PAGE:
Democratic newcomer Charlie Crist says he has no plans to debate his leading rival, Nan Rich, in a party primary as they both run for governor.
"I'm not even thinking about that right now, to be honest with you," Crist told reporters Tuesday night outside a Greenspoon Marder law firm fundraiser.
"I am focused on doing everything I can to help the people of Florida," he said. "And this is not really a race about candidates. This is a race about the people of our state."
Reached by phone, Rich — a longtime Democrat and former party leader in the state Senate from Weston — took issue with Crist's stance.
"I'm an issues person," Rich said. "I'm a policy person. To me, to have a dialogue and a debate back-and-forth about the issues is probably the most important thing that you can do to educate voters about where the candidates stand."
Most polls indicate Crist would soundly defeat Rich in the Aug. 26 Democratic primary.
Rich had only about $75,000 cash on hand in her campaign account as of the last reporting period that ended Dec. 31.
An announced candidate since early 2012, Rich has struggled to catch fire. She's little-known, doesn't have a large staff and doesn't always communicate campaign events or press statements with the media.
Broward College and Broward Days, a legislative advocacy group, had reached out to Rich and Crist to invite them to debate in the state's bluest county. Rich told organizers she'd be open to it; Crist's camp hasn't gotten back to them.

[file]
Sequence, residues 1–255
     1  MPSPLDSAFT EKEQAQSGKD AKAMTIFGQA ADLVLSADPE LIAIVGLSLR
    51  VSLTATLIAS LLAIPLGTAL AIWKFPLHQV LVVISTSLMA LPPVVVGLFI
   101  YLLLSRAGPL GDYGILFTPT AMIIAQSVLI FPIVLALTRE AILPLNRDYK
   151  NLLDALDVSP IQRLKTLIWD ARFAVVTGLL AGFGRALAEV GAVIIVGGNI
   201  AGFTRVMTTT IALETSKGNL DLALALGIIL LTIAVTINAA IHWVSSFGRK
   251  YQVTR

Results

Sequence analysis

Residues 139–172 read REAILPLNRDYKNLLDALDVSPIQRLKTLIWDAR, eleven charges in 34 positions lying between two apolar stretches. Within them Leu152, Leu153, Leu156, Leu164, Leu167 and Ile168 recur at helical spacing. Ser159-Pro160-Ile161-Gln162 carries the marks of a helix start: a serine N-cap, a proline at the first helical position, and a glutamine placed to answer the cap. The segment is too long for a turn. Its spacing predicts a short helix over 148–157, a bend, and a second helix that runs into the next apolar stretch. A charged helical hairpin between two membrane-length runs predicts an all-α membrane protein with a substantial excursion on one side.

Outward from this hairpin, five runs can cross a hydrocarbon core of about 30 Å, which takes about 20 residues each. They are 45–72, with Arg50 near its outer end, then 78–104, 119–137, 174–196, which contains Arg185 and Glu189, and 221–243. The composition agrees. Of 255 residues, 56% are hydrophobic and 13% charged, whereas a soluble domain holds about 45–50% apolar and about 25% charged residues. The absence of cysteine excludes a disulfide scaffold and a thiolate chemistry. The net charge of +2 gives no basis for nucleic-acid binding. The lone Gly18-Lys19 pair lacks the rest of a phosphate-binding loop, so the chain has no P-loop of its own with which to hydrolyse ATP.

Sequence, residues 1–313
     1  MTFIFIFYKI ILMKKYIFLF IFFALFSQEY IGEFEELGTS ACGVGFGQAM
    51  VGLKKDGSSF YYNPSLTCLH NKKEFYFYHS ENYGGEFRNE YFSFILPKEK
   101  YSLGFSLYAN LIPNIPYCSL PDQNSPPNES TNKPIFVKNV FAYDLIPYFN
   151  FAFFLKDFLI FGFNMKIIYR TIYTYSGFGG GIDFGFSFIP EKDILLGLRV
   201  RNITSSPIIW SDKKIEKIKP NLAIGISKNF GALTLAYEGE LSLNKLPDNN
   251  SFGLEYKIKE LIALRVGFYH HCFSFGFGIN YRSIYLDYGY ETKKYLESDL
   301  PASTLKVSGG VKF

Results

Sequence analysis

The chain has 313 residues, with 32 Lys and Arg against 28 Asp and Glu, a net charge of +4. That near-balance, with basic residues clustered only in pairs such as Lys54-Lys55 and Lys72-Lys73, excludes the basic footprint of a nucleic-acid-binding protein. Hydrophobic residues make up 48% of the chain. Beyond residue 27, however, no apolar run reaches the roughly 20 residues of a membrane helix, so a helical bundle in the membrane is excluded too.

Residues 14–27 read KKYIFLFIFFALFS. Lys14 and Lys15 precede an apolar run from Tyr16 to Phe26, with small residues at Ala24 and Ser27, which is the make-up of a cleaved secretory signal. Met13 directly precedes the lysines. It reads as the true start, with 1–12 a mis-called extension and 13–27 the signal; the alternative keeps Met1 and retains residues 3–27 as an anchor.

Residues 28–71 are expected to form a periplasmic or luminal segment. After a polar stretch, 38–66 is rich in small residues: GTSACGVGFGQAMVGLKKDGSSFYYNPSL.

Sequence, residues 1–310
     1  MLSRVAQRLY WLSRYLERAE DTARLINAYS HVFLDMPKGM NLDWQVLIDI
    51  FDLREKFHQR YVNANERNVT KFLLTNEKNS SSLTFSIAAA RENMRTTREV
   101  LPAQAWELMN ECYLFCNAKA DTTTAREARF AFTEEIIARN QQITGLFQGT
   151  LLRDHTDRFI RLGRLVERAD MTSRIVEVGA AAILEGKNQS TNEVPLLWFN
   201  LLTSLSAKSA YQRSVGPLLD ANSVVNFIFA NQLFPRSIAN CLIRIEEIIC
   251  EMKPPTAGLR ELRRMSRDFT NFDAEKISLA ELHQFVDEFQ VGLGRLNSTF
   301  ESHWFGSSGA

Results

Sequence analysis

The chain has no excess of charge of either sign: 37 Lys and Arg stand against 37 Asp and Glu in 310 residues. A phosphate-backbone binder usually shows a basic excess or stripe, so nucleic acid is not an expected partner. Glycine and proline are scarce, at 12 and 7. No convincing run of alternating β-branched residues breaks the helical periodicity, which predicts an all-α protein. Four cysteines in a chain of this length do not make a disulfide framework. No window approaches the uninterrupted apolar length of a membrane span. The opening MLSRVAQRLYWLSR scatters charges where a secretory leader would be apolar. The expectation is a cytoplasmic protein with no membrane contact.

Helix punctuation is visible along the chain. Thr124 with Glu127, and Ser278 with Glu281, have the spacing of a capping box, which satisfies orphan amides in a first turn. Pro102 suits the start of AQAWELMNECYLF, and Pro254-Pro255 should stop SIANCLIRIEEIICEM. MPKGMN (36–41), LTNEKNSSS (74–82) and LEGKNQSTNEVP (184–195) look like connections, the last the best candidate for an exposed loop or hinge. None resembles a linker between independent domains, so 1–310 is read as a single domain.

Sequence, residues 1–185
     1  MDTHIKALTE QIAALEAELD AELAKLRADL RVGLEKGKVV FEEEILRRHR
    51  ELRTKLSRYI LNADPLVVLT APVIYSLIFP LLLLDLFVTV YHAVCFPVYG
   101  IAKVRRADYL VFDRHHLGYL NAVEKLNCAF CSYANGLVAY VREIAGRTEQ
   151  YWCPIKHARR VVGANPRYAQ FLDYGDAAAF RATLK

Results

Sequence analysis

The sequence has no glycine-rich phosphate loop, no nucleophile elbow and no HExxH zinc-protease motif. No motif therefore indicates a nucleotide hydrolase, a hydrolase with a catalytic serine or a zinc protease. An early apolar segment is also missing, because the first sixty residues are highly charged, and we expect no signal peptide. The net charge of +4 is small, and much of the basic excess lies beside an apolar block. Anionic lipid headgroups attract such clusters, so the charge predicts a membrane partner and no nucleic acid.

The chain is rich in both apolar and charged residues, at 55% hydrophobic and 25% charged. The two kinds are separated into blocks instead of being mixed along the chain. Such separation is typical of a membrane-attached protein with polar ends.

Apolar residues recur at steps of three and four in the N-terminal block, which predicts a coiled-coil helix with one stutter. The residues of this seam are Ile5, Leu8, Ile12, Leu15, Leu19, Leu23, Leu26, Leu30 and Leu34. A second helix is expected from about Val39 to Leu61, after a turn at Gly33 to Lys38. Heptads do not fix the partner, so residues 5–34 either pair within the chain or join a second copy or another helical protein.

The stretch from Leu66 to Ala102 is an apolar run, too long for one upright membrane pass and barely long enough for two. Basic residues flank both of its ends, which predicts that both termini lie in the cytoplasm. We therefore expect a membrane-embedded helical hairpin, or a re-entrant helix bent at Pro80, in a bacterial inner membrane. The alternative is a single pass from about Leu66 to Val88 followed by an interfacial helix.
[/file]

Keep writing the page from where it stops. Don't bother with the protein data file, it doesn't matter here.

Asked if he had plans to accept the Broward debate invitation, Crist said, "I don't."
Mack won't run
Former U.S. Rep. Connie Mack will not seek his old congressional seat, vacated this week by Trey Radel.
"In the weeks, months and years ahead I will continue to advocate for our shared principles, not as a candidate or member of Congress," Mack said in a news release prepared by his office, "but rather as a private citizen."
Radel, 37, resigned Monday, facing a House ethics investigation, a growing group of primary challengers (former state Rep. Paige Kreegel and potential candidate state Sen. Lizbeth Benacquisto) and the steady drumbeat of a Republican establishment calling for him to step down. He recently completed rehab for cocaine and alcohol abuse, and pleaded guilty to cocaine-possession charges last year.
Speaking of the ethics investigation of former Rep. Radel, the House Ethics Committee said Wednesday that it dropped the case as his resignation Monday removed jurisdiction. It concludes the downfall of a political career that began only a year ago.
Alex Leary and Marc Caputo contributed.